For rescuers retrieving passengers from Y-K crash site, the task was grim and cold

The Lewis Angapak Memorial School stands abve other buildings on Wednesday, April 3, in Tuntutuliak, Alaska. (Photo by Rashah McChesney/Alaska’s Energy Desk)

Carl Andrew has volunteered with Tuntutuliak Search and Rescue for 38 years. It’s always the hope that when searchers go out, it’s for a rescue, not a recovery, he said.

Last week, on the day of the Yute Commuter Service crash that killed five people, Andrew was at work managing the Tuntutuliak Power Company. At 2 p.m., he was ordering generator fuel when his phone rang. It was the village police officer saying that a plane had crashed nearby and the Alaska State Troopers had given them coordinates.

“I went home, started warming up my snowmachine, got my warm stuff ready, had my wife fill up my thermos bottle — coffee — put a few stuff in my backpack, and went down to the public safety [building],” Andrew said.

He and seven search-and-rescue volunteers, two health aides and one village police officer headed out to find the plane. It had crashed about a dozen miles southwest of the village. They arrived at about the same time as the Alaska Army National Guard Black Hawk helicopter. By then, it was about 4 p.m. Wind chill temperatures were about 20 degrees below zero, and soon it would be dark. The responders had time to only recover one body.

“That first time we went out, we had no clue who was involved. But after we got back from the first day, I was starting to hear rumors,” Andrew said.

That night, he learned that one of his friends had been aboard. Andrew and the other Tuntutuliak search and rescue volunteers returned the next day, along with many others. The day would be longer and colder than before.

“The pictures of Antarctica, when you look out there and it’s nothing but white and the wind is blowing across, and the snow, that’s what it’s like,” said Alaska State Trooper Joe Whittom.

Trooper Whittom snowmachined from Bethel to the crash site the next morning with other troopers as well as a U.S. Fish and Wildlife Service officer, an investigator with the National Transportation Safety Board, and two Bethel firefighters trained to extract bodies from wreckage. The stripped-down equipment made the journey longer than expected.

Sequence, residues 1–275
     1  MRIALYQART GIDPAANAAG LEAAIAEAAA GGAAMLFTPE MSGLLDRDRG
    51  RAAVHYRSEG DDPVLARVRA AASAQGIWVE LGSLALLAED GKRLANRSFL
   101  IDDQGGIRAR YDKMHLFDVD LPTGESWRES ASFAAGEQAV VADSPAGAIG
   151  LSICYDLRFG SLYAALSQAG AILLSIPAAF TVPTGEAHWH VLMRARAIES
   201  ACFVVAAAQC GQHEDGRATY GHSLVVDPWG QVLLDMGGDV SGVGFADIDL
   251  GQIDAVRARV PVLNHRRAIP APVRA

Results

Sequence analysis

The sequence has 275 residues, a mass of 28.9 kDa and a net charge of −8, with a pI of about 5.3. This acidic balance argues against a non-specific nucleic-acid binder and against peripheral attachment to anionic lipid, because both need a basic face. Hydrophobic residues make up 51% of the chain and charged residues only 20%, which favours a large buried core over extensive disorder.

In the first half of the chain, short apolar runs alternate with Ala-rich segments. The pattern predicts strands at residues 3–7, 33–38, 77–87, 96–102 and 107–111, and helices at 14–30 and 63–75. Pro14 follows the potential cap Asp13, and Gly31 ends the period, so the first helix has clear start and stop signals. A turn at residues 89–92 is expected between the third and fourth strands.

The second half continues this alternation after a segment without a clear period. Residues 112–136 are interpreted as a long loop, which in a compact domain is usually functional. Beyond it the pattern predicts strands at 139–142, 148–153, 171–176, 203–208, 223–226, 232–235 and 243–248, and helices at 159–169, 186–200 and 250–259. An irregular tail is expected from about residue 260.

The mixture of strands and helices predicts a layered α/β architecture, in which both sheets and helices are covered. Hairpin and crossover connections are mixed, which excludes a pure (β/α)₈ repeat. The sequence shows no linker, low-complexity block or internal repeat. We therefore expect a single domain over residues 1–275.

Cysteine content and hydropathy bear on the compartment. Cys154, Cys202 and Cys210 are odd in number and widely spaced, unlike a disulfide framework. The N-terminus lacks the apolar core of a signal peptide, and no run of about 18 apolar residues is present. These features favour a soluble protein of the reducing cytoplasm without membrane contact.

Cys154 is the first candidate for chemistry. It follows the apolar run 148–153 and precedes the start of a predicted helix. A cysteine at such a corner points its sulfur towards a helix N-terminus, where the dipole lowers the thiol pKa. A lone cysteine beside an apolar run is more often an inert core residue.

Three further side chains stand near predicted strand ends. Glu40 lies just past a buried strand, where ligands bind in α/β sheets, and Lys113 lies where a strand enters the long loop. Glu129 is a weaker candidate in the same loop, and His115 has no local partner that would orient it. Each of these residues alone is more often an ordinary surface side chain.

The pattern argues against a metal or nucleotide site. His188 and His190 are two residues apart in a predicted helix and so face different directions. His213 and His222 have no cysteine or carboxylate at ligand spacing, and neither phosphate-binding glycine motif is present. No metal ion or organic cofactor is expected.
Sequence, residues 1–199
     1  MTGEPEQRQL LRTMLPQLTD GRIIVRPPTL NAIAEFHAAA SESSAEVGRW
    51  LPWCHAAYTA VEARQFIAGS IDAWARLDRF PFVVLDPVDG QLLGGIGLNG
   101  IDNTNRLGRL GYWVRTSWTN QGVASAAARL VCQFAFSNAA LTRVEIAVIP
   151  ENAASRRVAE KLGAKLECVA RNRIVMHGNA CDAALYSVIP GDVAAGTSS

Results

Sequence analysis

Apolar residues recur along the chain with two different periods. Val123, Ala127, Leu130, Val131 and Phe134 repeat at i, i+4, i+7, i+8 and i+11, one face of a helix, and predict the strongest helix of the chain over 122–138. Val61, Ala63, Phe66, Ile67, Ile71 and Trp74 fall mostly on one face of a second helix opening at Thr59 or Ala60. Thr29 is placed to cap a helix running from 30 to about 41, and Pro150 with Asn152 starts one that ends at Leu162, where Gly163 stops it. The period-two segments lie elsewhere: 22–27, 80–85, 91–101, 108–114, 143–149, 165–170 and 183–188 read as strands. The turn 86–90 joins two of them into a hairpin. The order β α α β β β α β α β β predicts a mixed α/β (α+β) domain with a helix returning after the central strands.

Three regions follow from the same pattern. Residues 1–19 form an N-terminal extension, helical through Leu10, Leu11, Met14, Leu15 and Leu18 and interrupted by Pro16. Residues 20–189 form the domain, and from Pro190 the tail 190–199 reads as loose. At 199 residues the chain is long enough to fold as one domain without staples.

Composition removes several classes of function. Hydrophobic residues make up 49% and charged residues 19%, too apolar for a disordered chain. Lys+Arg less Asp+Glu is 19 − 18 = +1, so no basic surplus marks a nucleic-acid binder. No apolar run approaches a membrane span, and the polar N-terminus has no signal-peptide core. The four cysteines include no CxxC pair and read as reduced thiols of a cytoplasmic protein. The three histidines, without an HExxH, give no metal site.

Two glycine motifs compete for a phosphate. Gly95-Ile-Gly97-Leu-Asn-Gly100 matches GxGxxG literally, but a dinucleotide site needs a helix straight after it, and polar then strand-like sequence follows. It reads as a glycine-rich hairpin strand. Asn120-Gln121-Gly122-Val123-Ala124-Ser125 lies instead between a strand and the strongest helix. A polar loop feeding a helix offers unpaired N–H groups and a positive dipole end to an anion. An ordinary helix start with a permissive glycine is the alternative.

“It was real windy. Some of the sleds that we had were real light, and so it slowed our advance down as the sleds kept turning over when they’re empty,” Whittom said.

The winds blew a constant 25 miles per hour, dropping the wind chill to nearly 50 degrees below. The open tundra provided no shelter or barriers.

Related: The operators of the flight that killed 5 in last week’s crash had 3 other incidents in 2019

“By the time we got there the next day, everything was starting to drift over and froze up. So there was no smoke. There was no heat,” Whittom said.

The troopers‘ job was to document the scene: where people were sitting, were they wearing seat belts, what protective equipment was available. The cold made writing difficult.

“You know, your dexterity in your hands gets really hard. But due to the equipment that we had, we were able to complete the job,” Whittom said.

The responders loaded the remaining four bodies onto the empty sleds and took them to Tuntutuliak. The names of the four deceased passengers from the coastal community of Kipnuk have yet to be released, but Yute Commuter Service identified the pilot as Tony Matthews. From there, a state plane flew them to Bethel, where they were then loaded onto a commercial plane and taken to Anchorage to be identified. The crashed Yute Commuter Service airplane remains on the tundra.

“We’d just like the families to know thoughts and prayers are with you, and hope that you can get through this time with as much peace as you can,” said Whittom.